Original title: Les Tribulations d’un Chinois en Chine (1879).
Kin-Fo, a well to do Chinese man living in Shang-Hai, is accused by his good friend Wang of not having had any discomforts in his life that would make him appreciate true happiness. When Kin-Fo, receives news that his fortune is lost, he arranges for an insurance policy to be taken out on his life that would cover his death, even by suicide; which he is planning on committing. When Kin-Fo can't bring himself to end his own life, he contracts Wang to do it, by even giving him a letter that will exonerate him of the deed. Then Wang disappears and then Kin-Fo feels much discomfort, especially when he is informed that his fortunes are not lost. He travels around China, hoping to avoid being murdered before the contract expires. His discomfort increases when a note from Wang arrives saying that he regrets not being able to fulfill the contract, so he has turned it over to his old friend Lao-Shen, a notorious character.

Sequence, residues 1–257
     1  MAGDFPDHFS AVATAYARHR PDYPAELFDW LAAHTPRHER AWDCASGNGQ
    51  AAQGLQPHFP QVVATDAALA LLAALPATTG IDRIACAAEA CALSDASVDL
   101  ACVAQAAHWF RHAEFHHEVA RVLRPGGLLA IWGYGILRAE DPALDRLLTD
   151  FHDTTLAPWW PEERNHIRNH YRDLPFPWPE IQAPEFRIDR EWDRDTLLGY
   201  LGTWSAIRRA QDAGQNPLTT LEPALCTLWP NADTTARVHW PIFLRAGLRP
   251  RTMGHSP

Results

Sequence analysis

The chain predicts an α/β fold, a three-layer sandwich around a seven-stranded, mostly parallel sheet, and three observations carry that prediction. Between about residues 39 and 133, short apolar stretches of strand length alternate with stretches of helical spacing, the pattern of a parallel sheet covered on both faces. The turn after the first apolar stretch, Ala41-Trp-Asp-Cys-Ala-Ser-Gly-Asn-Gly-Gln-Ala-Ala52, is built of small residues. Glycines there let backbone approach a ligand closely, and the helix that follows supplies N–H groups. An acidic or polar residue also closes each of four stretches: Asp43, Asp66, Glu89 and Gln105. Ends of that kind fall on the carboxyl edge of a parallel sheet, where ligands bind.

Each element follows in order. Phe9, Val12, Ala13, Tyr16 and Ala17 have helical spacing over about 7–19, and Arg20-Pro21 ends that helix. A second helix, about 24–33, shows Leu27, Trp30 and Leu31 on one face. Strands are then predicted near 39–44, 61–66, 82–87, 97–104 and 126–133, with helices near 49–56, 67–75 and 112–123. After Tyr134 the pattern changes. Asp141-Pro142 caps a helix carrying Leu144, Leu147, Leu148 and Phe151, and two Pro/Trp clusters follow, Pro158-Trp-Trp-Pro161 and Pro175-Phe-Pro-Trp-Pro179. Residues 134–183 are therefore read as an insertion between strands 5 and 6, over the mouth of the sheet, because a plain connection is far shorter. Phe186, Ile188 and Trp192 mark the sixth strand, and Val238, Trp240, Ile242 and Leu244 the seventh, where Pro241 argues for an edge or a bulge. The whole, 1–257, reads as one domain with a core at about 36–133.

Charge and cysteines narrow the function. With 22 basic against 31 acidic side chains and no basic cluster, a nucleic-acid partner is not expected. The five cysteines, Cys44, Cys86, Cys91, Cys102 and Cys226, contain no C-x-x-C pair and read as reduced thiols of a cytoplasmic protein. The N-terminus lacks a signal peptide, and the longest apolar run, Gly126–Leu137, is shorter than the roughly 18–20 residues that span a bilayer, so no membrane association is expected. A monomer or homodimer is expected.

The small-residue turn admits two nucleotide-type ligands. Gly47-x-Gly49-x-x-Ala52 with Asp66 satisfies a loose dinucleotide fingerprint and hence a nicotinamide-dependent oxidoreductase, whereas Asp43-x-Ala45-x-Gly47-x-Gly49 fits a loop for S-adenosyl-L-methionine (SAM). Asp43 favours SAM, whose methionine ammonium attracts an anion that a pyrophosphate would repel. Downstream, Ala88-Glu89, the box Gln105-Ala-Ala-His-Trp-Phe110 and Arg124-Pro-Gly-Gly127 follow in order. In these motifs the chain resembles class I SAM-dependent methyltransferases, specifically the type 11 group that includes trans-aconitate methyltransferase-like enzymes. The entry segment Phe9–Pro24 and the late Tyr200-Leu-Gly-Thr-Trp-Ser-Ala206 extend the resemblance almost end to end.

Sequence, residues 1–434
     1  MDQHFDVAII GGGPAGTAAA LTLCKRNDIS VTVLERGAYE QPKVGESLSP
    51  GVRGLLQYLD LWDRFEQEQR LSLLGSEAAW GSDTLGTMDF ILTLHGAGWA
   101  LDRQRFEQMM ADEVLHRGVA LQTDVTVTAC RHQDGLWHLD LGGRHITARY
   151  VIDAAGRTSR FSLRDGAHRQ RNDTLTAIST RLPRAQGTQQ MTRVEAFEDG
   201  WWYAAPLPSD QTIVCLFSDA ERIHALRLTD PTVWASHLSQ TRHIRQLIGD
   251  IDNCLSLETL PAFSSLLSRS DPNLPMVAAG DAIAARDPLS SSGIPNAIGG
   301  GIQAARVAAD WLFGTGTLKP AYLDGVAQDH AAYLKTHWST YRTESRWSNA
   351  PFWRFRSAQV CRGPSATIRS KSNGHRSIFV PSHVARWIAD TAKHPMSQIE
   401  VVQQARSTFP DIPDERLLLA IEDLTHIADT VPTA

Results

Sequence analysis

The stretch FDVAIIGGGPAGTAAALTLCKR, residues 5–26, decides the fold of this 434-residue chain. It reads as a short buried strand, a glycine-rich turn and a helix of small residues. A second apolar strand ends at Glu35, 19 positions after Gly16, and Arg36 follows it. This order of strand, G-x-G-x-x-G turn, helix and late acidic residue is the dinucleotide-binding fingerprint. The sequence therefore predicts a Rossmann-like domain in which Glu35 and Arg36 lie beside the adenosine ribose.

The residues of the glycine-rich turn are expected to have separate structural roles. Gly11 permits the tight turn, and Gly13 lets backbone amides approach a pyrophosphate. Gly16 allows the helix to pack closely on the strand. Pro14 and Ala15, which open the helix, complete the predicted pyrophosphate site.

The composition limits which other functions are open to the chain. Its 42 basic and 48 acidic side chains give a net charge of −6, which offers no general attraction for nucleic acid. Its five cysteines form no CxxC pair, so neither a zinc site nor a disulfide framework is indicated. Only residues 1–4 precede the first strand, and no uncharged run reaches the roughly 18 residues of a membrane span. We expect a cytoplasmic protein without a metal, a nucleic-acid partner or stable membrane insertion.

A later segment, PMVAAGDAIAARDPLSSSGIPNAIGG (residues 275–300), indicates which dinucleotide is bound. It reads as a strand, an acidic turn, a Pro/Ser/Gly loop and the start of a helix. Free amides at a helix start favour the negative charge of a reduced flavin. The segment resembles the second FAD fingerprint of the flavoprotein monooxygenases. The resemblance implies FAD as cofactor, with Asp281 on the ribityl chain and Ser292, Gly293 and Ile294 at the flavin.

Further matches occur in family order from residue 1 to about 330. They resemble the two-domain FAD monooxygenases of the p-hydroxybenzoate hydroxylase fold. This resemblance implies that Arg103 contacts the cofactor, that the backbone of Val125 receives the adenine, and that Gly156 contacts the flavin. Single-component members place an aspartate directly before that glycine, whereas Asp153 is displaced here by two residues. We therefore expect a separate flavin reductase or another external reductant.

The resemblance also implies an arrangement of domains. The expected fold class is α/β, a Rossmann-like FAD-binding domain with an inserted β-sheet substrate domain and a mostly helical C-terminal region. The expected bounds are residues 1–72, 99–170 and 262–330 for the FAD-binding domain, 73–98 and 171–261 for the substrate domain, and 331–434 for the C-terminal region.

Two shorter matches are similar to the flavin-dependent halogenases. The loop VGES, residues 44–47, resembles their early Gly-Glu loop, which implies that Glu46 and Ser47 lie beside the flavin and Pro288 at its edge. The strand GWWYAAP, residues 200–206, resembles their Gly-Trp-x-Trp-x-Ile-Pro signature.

Jules Gabriel Verne (1828–1905) was a French author who helped pioneer the science-fiction genre. He is best known for his novels A Journey to the Center of the Earth (1864), From the Earth to the Moon (1865), Twenty Thousand Leagues Under the Sea (1869–1870), Around the World in Eighty Days (1873) and The Mysterious Island (1875).
Jules Verne wrote about space, air, and underwater travel before navigable aircraft and practical submarines were invented, and before any means of space travel had been devised. Consequently he is often referred to as the "Father of science fiction", along with H. G. Wells. Verne is the second most translated author of all time, only behind Agatha Christie, with 4162 translations, according to Index Translationum. Some of his works have been made into films.
Jules Verne. Wikipedia.